is little better.  calcru() is fundamentally broken if the frequency
actually changes, since it applies the current frequency to ticks
accumulated at old frequencies.

The following patch fixes a couple of the problems in recalibration:

% diff -c2 ./kern/kern_tc.c~ ./kern/kern_tc.c
% *** ./kern/kern_tc.c~	Thu Mar 20 01:05:27 2008
% --- ./kern/kern_tc.c	Thu Mar 20 01:05:29 2008
% ***************
% *** 884,888 ****
%   		return;
% ! 	getbinuptime(&t_this);
%   	c_this = cpu_ticks();
%   	if (t_last.sec != 0) {
% --- 884,888 ----
%   		return;
% ! 	binuptime(&t_this);
%   	c_this = cpu_ticks();
%   	if (t_last.sec != 0) {

The existence of getbinuptime() is a bug, and its use here is especially
wrong.  We should use the current time, and binuptime() gives this as
well as possible.  The caller has just set the time cached for
getbinutime() to the current time, but this is not quite the same.
There is no locking here, except the implicit locking given by being
in a fast interrupt handler, so the time between the caching and the
use of the value is unbounded.  We may be interrupted even if we are
in a fast interrupt handler, depending on the implementation of fast
interrupt handlers.  Emulation is quite likely to result in fast
interrupt handlers being interrupted -- they are probably as "fast"
(really low-latency) as possible on the target, but they may be
interrupted on the host and then long delayed on the target in some
cases (hopefully not often).  So using binuptime() is only slightly
better here -- a delay may occur after the timecounter is read, no
matter where it is read.  Something like the following is needed:

 	start_tsc = rdtsc();
 	do {
 		tsc = rdtsc();
 		bintime_sub(&bt, &sample_bt);
 		if (bintimecmp(&bt, &best_bt, <)) {
 			best_bt = bt;
 			best_sample_bt = sample_bt;
 			best_tsc = tsc;
 		bt = sample_bt;
 		bintime_sub(&bt, &start_bt);
 	} while (++nsamples < min_nsamples ||
 	    bintimecmp(&best_bt, min_error_btp, >));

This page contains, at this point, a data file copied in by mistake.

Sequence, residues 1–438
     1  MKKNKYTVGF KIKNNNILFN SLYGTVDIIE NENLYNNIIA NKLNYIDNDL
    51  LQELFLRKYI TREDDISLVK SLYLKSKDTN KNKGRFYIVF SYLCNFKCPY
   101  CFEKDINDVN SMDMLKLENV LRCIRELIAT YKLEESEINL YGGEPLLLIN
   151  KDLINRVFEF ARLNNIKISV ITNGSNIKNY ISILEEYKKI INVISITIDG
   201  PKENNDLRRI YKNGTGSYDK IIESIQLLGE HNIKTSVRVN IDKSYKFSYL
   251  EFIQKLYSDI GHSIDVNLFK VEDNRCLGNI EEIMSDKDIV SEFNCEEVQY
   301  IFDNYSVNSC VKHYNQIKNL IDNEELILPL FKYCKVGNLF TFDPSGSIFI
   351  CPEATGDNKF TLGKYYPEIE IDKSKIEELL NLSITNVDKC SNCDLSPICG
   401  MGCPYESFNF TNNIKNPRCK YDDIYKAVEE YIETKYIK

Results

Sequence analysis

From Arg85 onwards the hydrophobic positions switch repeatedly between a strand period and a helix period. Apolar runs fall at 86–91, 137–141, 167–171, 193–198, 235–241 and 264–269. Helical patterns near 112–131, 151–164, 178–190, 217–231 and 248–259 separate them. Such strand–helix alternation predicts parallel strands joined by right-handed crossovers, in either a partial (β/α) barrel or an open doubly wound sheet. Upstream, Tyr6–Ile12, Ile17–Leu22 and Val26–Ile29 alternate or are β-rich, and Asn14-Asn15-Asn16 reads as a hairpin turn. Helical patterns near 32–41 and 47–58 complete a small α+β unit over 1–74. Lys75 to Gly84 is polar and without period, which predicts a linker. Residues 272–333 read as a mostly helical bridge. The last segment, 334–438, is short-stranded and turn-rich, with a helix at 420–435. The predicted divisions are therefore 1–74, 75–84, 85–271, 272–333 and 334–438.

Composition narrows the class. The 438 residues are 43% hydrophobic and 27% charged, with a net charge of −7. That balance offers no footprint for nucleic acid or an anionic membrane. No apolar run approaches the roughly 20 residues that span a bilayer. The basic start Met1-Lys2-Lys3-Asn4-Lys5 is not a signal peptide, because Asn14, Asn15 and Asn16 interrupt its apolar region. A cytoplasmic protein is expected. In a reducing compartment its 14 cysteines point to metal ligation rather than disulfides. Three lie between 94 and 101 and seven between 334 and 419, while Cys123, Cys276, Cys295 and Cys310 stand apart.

Reads of the timer being calibrated (TSC here) are sandwiched between
reads of the reference timer and ones that can't be measured to within
a few parts per billion are discarded.

I never saw any effects from the above change on non-virtual systems.
Also, the sanity checks (which print the t_delta message) never fired
for the extremely messed up timers given by running ddb.  When running
ddb, normal timing stops working after a few seoncs or millseconds since
timecounters require interrupts to work.  However, the cputicker keeps
working precisely if it is the TSC.  So the cputicker : delta-binuptime
ratio soon becomes effectively infinite.  The sanity checking code seems
to always fail to detect this problem.

% ***************
% *** 922,931 ****
%   			c_delta <<= 20;
%   			c_delta /= divi;
% ! 			if (c_delta  > cpu_tick_frequency) {
% ! 				if (0 && bootverbose)
% ! 					printf("cpu_tick increased to %ju Hz\n",
% ! 					    c_delta);
% ! 				cpu_tick_frequency = c_delta;
% ! 			}
%   		}
%   	}
% --- 922,930 ----
%   			c_delta <<= 20;
%   			c_delta /= divi;
% ! 			if ((0 && bootverbose))
% ! 				printf(
% ! 			    "cpu_tick_frequency changed from %ju to %ju Hz\n",
% ! 				    cpu_tick_frequency, c_delta);
% ! 			cpu_tick_frequency = c_delta;
%   		}
%   	}

This fixes the bug which makes cpu_tick_frequency non-decreasing.

Another thing you can try here is to edit the source code to change
the set_cputicker() calls to say that the frequency is not variable.
I used this temporarily to work around the non-decreasing calibration.
This should be the default for emulators for most cputickers -- emulators
should emulate a constant frequency and not emulate the complexities
for pwoer saving.  This should probably be the default when the cputicker
is the i386 TSC and the TSC is P-state invariant.  Currently, P-state
invariance only causes turning off of cpufreq's adjustment of the TSC
as a timecounter.